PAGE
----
A quick follow-up to my earlier post ("ELVs: Rush to judgment"), via Rugby Heaven:
Beaumont says ELVs will win over Europe
By DUNCAN JOHNSTONE
19 February 2008
Bill Beaumont, widely acknowledged as one of the best locks in the history of the game and a unifying figure as manager of the 2005 British & Irish Lions, believes the seeds are already being sewn for their acceptance up north. He says there seems to be a new commitment to attacking rugby in Europe in 2008 even without the aid of the ELVs.
Beaumont said new French coach Marc Lievremont had spoken openly of his ambition to return some flair to the French game while Wales had played attractive rugby under new coach Warren Gatland. And Beaumont, who made an artform of the maul, noted that even in last weekend's English Premiership Wasps had beaten Bath 42-34 - an unusual scoreline between two of the top teams.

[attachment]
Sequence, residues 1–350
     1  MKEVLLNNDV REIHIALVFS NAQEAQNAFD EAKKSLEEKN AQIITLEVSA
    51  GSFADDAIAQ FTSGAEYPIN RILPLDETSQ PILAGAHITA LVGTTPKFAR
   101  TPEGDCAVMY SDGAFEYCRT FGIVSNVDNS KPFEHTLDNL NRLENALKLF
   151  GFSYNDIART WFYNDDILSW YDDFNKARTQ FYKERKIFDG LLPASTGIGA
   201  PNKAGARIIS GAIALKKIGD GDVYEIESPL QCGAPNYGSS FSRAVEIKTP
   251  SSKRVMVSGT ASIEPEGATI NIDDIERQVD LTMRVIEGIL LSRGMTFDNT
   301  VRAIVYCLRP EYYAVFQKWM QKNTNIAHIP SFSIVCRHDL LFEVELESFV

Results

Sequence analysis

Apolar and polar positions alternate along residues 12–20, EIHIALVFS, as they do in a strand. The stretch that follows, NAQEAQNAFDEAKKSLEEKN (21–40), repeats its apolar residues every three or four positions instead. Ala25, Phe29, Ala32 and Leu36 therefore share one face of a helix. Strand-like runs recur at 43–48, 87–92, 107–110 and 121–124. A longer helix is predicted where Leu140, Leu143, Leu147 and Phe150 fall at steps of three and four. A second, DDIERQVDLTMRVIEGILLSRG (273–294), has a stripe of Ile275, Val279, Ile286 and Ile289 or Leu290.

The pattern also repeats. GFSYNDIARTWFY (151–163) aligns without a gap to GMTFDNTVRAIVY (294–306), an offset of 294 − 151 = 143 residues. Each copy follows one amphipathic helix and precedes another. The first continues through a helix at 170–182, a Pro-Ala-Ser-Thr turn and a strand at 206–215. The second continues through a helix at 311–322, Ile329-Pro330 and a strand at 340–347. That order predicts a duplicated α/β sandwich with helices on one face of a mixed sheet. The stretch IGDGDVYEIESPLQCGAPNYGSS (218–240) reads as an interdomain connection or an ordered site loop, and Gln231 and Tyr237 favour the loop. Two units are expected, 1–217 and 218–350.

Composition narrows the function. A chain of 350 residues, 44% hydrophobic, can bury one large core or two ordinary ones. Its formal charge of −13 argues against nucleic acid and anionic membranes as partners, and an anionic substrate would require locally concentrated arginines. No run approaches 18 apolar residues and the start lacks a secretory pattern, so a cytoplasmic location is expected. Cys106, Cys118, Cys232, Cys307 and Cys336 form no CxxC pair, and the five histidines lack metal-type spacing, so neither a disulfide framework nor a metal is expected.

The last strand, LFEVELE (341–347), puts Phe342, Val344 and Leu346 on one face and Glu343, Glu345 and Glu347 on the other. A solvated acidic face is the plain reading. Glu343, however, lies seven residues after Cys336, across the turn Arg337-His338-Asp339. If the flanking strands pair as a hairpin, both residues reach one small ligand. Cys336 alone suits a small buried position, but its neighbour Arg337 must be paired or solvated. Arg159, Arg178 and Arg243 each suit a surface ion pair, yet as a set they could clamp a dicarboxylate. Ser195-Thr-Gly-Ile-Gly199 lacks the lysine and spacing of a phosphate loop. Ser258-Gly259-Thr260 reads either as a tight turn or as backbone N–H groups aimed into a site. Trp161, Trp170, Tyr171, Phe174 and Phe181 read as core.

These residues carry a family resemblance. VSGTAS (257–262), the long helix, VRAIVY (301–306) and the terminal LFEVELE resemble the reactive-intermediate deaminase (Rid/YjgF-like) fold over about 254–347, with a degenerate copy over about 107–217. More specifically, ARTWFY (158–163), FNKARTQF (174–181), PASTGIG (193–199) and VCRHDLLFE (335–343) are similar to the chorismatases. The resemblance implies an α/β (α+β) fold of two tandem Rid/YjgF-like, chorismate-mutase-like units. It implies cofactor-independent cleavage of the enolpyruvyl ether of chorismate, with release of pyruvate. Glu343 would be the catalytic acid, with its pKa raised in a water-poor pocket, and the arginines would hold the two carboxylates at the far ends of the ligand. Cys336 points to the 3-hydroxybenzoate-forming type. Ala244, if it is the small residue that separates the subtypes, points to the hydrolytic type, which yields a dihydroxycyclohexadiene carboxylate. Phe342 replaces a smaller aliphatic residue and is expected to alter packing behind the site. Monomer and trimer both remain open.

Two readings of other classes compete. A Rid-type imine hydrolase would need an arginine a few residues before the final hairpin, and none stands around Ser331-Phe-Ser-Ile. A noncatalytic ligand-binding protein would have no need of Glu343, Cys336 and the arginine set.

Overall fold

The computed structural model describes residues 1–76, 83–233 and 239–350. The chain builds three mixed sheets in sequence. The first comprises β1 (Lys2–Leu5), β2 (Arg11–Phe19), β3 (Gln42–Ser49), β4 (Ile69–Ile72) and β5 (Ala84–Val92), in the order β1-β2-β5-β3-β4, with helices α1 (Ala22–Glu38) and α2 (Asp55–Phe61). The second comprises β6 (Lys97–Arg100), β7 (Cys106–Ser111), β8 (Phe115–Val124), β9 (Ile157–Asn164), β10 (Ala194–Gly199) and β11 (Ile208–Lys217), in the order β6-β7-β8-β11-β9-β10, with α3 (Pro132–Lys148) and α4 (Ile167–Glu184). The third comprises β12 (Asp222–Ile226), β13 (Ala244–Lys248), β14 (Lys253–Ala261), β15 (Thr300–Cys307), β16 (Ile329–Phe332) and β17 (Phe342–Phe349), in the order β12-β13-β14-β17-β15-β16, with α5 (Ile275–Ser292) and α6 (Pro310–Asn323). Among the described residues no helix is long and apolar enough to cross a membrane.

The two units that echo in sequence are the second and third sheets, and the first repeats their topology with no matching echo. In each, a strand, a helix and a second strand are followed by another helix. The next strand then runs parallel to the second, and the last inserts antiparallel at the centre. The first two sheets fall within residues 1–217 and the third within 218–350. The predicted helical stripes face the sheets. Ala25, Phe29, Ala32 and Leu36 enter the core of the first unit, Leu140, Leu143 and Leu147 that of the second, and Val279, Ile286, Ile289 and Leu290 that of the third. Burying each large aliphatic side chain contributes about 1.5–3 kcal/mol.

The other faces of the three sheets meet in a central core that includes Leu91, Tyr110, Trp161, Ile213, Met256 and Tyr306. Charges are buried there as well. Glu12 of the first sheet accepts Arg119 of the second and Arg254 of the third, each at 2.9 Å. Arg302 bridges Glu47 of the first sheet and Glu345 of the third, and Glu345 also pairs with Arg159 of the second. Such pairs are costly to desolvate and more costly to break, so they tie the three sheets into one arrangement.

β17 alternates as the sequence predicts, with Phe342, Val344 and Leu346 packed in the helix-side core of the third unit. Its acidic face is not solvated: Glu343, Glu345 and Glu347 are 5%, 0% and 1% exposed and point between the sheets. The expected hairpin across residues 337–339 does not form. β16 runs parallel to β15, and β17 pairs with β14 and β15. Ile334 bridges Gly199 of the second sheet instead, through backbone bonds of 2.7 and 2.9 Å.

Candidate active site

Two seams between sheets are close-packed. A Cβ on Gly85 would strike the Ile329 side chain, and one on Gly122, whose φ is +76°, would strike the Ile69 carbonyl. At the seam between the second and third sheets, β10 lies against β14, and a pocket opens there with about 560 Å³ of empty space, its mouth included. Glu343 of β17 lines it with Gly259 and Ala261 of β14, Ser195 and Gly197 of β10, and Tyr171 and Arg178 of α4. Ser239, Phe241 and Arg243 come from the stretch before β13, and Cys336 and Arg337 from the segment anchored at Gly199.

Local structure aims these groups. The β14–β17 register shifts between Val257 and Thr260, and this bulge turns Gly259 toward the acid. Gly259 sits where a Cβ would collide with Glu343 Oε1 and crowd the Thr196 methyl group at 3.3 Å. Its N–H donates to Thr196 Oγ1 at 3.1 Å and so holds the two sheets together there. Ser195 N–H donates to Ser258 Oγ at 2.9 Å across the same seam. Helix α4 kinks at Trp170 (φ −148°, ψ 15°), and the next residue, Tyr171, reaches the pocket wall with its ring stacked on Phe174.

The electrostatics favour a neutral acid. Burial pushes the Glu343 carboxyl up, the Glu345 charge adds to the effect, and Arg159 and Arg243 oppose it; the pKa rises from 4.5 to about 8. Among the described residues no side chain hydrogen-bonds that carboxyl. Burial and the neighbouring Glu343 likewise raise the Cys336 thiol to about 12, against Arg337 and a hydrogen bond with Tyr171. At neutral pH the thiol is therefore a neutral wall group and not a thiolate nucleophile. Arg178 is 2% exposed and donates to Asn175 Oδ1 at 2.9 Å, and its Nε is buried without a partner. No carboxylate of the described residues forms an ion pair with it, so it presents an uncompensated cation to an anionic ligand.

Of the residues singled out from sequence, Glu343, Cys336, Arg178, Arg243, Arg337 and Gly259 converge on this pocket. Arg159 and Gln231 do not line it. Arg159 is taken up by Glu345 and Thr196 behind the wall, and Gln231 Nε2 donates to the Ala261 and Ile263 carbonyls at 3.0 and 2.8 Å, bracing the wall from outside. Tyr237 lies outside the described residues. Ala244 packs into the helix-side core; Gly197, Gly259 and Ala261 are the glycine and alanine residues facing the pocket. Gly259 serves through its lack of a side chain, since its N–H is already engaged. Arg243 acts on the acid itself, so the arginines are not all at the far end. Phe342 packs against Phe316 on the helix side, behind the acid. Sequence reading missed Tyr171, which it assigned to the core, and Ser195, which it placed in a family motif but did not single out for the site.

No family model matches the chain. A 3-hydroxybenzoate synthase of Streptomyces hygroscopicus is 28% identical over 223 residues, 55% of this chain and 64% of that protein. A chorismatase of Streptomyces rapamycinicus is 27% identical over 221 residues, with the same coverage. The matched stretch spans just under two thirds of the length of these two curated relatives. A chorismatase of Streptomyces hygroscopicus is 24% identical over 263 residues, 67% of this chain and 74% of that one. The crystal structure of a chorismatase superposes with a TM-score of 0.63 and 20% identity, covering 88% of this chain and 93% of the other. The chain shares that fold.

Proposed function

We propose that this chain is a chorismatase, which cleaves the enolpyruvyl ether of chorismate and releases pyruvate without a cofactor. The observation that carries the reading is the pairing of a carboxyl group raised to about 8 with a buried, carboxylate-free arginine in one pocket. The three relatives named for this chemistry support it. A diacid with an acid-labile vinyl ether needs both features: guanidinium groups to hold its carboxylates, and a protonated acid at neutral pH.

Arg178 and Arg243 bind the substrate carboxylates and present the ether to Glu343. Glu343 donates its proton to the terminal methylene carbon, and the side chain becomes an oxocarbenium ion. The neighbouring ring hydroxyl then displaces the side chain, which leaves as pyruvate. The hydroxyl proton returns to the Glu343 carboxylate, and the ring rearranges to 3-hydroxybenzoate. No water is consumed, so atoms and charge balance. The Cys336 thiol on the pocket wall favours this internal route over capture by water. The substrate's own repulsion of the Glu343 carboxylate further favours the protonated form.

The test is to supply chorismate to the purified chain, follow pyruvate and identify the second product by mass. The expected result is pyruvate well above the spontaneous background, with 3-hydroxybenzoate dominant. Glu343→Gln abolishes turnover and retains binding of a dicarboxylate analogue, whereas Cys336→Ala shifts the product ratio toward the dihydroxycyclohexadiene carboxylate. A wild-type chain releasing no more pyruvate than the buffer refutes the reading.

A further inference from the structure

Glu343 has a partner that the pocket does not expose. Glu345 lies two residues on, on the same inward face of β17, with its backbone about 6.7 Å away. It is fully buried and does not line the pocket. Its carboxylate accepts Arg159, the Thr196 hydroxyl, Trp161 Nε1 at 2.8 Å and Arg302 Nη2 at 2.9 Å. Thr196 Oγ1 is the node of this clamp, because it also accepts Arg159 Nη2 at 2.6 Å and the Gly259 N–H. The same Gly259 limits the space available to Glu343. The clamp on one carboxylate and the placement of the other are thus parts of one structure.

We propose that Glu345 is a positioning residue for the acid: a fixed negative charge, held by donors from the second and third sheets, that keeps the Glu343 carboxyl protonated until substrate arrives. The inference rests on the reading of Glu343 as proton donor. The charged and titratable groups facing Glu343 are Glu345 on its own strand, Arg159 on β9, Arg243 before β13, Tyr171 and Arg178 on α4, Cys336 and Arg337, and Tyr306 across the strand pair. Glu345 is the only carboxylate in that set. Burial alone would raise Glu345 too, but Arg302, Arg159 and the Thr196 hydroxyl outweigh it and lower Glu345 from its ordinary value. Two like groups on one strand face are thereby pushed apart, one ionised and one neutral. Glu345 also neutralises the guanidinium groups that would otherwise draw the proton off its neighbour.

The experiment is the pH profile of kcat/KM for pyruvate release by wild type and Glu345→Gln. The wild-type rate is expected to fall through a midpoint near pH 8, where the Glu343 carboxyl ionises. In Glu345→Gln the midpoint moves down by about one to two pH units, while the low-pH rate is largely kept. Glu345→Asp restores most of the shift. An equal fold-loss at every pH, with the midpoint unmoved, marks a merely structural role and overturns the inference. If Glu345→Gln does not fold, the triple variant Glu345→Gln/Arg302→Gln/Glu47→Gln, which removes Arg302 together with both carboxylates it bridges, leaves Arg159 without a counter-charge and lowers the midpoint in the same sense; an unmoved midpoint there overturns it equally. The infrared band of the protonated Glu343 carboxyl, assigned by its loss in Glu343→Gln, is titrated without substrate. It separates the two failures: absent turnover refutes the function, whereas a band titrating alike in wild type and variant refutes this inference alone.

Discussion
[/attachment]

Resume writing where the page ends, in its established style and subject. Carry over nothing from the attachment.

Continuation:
"There is massive interest in Europe as to how these new laws go in the Super 14," said Beaumont. He said the Super 14 was a big hit on TV there and these laws would be under the microscope from a wide audience.
He felt the new laws still allowed teams to play in different ways, something that was crucial to the appeal of rugby.
"Europe is conservative with a small ‘c' and the game moves on. It's the contrast in styles that makes the game fascinating and that can still be achieved."
It was noticeable that the Blues held their structure to see off the Chiefs while some of the other matches had ragged finishes as fitness and mental strength were tested by the new pace of the game.
"I would have to be a little bit fitter," Beaumont chuckled when asked what he thought of the Eden Park match.
"But there was not a dramatic difference. Yes there were more free kicks but there was still a huge emphasis on set piece."
The IRB have pushed hard to get their new game operating at this level in the southern hemisphere and judging by the mood of Beaumont and new IRB chief Bernard Lapasset of France, they will be just as persuasive with the northern unions.
There seems to be a real determination to improve rugby as a spectacle from the men in charge at the very top.
"The game has to move forward and evolve," declared Beaumont. He said the benefit of the long trial programme being given to the ELVs was that the IRB would be able to conduct a full analysis on a huge amount of information. "Then we can make a decision based on fact rather than hearsay."